We recently found cobbler’s tools tucked away in the covered-up second floor fireplace in Bradley House and two "beetle" boot jacks in a closet.
From our website research (thanks, Wikipedia) we learned that a
, sometimes known as a
, is used to help remove boots. It consists of a U-shaped mouth that grips the heel of the boot, and a flat area to which weight can be applied. Place the heel of the boot in the mouth of the jack, then stand on the back of the device with the other foot, and pull the foot free of the front boot.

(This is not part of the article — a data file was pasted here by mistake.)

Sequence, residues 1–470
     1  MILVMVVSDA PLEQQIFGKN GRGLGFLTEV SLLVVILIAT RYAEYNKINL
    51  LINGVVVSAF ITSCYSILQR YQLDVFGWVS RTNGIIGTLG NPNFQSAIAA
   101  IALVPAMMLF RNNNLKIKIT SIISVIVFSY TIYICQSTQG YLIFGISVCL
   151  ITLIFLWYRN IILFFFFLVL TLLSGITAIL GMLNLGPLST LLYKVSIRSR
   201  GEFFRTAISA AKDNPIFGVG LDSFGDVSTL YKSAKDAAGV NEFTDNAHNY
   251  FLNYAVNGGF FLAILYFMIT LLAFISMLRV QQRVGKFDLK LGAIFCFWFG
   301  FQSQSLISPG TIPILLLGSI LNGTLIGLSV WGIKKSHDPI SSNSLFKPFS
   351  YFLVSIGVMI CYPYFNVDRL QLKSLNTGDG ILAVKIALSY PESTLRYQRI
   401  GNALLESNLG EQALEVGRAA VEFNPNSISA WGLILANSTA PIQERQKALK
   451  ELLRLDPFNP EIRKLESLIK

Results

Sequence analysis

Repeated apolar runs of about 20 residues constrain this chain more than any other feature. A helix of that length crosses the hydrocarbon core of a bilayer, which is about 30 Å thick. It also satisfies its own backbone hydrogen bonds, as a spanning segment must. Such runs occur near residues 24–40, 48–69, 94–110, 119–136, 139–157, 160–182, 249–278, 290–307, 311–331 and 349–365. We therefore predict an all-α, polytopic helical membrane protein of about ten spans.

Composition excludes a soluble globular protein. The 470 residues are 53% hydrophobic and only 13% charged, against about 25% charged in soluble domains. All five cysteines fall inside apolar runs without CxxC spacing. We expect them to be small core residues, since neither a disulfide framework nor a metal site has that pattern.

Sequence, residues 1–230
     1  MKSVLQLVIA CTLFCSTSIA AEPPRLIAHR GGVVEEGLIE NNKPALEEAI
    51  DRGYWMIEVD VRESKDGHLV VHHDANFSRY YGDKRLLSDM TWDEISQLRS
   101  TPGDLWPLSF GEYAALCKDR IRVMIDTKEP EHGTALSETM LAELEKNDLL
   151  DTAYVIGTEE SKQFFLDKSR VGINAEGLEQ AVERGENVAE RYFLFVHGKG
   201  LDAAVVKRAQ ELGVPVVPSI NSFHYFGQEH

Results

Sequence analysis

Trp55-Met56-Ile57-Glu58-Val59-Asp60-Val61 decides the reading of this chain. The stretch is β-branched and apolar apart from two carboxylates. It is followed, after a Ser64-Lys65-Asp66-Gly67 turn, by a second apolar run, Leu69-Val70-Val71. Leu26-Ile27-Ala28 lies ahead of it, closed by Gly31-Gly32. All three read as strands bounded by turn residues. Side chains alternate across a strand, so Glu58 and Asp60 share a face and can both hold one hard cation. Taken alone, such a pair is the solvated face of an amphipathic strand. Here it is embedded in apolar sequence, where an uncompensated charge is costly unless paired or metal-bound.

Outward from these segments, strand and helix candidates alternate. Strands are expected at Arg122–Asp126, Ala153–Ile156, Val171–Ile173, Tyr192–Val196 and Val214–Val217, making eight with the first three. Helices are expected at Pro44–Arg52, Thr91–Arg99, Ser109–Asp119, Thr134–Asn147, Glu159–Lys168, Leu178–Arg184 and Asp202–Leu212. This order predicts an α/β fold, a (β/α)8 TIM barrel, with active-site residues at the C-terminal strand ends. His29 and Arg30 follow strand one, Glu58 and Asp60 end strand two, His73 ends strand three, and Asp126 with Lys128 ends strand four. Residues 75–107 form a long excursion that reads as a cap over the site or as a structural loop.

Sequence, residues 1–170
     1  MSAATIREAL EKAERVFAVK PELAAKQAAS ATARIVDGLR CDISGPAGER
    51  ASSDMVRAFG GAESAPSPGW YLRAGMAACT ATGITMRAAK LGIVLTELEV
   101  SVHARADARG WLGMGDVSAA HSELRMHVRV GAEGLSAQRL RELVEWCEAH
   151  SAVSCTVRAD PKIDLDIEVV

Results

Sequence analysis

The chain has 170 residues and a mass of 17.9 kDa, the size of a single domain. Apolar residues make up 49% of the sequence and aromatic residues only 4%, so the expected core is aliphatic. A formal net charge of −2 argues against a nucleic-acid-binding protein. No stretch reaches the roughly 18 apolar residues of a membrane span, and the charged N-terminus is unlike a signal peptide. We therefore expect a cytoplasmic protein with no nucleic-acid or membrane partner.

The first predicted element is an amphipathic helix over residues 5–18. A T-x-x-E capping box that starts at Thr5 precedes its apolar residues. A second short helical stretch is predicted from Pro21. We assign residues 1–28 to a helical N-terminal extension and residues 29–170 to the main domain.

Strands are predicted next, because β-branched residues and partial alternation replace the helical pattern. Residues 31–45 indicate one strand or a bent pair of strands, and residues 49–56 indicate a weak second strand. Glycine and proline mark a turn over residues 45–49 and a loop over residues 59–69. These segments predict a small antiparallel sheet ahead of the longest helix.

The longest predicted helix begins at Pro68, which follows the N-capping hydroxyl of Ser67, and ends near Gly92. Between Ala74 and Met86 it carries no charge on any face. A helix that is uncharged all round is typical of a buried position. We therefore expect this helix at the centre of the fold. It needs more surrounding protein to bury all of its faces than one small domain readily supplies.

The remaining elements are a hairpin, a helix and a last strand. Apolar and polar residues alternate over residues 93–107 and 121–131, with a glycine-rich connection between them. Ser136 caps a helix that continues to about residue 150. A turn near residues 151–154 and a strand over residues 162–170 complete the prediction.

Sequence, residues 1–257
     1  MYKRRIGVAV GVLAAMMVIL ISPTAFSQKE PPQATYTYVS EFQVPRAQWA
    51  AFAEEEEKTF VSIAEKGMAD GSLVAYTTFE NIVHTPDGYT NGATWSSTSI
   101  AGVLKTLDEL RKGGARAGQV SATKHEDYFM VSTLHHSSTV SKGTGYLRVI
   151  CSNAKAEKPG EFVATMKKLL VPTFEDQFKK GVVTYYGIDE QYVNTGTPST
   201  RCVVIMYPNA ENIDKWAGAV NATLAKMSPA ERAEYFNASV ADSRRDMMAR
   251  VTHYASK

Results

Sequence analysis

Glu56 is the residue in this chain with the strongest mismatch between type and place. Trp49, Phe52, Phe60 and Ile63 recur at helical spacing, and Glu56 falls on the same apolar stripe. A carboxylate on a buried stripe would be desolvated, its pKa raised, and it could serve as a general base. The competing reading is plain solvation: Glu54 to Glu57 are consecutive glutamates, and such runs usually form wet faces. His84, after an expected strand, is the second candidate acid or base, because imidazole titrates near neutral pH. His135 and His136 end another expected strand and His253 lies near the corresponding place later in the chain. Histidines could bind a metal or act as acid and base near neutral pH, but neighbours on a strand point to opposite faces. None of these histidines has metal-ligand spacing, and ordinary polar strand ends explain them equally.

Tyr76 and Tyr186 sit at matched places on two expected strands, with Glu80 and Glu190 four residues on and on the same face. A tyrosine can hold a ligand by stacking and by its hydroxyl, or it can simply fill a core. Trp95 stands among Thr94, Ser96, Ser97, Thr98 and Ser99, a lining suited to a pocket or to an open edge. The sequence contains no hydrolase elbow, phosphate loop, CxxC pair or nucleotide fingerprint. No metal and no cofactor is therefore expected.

The boot jack allows the wearer to pull his foot straight up and out of the boot, using full body weight for leverage. It also keeps the wearer from handling the boots if they are dirty, or having to behind over to take off his boots. The U shape of the jack is formed by artistic elements, such as the horns of a steer, antennae of an insect or snail, or other, often humorous or whimsical, designs.
This cast iron double-head boot anvil was used for shoe repair. The cobbler’s iron stand has three sizes of iron shoe molds that are inserted into the top of the stand.